This summer, the Migrant Mothers Project launched a new study titled, “There to Here: Sponsored Spouses’ Journeys” as part of our ongoing research on ‘How Conditional Settlement Impacts Immigrant Women’. Through this study we hope to hear from people who recently moved to Canada as a sponsored spouse, to understand their experiences getting settled and any challenges they may be facing related to their immigration status.
Our study falls on the heels of a major policy change in April 2017, when the Canadian Government repealed the Conditional Permanent Residence requirement for newly sponsored spouses and partners. The Migrant Mothers Project worked with advocacy groups around the country to repeal this policy due to the hardships the conditions caused for immigrants, especially those who were trapped in abusive relationships with their sponsor.
This fall, we are inviting immigrants who came to Canada as a sponsored spouse or partner to share stories of their migration and sponsorship experiences as part of our research. We are recruiting people live in Toronto or Calgary, who immigrated after 2012 from South Asia (i.e. India, Pakistan, Bangladesh, Sri Lanka, Nepal, Bhutan, Maldives), and who were in a newer relationship with their spouse at the time of migration. We especially hope to talk with people who were initially granted “conditional permanent resident status” when they first arrived.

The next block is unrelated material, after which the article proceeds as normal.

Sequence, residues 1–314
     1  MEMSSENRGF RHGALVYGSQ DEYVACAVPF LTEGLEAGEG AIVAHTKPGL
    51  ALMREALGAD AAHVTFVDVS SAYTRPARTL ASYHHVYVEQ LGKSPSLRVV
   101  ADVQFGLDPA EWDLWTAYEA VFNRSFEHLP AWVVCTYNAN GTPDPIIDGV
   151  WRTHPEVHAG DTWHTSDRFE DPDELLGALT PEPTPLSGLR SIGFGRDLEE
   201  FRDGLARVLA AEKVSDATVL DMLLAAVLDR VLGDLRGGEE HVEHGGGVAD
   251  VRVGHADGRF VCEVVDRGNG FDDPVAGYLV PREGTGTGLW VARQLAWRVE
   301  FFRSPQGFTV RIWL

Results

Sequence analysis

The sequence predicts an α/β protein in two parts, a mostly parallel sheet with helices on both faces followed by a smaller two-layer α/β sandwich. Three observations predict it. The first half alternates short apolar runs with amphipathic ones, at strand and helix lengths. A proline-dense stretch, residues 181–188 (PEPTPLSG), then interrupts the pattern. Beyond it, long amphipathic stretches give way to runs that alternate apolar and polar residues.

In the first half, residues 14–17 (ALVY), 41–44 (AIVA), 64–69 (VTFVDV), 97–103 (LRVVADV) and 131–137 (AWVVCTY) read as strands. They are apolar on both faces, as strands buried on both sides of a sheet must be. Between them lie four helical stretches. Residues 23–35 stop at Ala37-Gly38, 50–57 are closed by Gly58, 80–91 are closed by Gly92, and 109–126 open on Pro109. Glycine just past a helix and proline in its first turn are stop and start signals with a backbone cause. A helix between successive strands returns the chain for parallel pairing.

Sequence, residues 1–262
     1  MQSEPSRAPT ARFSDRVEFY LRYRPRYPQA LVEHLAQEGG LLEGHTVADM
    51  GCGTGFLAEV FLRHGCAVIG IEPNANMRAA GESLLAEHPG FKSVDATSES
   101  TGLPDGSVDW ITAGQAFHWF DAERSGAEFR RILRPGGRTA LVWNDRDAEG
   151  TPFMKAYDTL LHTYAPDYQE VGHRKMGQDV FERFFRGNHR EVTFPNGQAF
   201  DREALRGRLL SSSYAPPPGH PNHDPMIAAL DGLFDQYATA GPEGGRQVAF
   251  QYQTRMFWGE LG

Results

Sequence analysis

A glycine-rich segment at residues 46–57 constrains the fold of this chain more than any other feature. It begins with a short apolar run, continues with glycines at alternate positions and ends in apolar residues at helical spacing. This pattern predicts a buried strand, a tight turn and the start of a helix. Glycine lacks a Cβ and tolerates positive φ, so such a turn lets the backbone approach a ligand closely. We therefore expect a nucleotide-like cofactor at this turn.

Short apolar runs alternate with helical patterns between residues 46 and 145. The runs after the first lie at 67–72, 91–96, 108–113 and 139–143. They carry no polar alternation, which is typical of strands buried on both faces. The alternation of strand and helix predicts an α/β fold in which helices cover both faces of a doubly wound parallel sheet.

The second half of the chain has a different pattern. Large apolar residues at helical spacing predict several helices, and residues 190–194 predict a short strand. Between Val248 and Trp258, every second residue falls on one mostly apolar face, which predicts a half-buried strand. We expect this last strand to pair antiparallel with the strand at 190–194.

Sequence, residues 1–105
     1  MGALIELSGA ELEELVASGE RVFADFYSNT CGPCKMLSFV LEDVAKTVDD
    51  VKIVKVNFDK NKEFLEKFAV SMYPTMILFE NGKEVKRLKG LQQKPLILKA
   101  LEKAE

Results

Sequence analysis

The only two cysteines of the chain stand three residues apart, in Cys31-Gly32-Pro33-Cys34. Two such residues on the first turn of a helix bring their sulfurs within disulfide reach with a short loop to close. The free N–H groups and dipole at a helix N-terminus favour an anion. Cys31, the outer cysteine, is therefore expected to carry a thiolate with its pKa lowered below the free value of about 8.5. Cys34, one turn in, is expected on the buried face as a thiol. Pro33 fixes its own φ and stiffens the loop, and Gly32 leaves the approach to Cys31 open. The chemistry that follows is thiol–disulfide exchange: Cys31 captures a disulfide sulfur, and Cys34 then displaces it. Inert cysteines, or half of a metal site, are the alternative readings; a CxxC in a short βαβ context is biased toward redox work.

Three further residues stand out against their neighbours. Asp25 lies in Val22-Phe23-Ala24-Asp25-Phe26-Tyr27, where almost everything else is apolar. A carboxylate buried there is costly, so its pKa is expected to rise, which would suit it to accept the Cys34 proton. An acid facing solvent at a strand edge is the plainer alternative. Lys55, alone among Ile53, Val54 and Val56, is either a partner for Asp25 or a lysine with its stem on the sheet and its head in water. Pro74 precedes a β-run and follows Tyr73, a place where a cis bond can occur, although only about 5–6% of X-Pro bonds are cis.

Interviews will be one-on-one and completely voluntary. Our researchers can converse in English, Urdu or Hindi and meet with folks at a location that is convenient to them.
At the end of our study, we hope to inform the improvement of settlement services for immigrants and support advocacy for immigrants to access safety in cases where they are abused or neglected by their sponsor.
Please contact us if you have any questions about our study at 416-946-5099 or email us at email@example.com
For more information on the Canadian Government’s decision to repeal the Conditional Permanent Residence requirement, the Ontario Women’s Justice Network has recently distributed an article sharing important information regarding what the repeal may mean for sponsored spouses: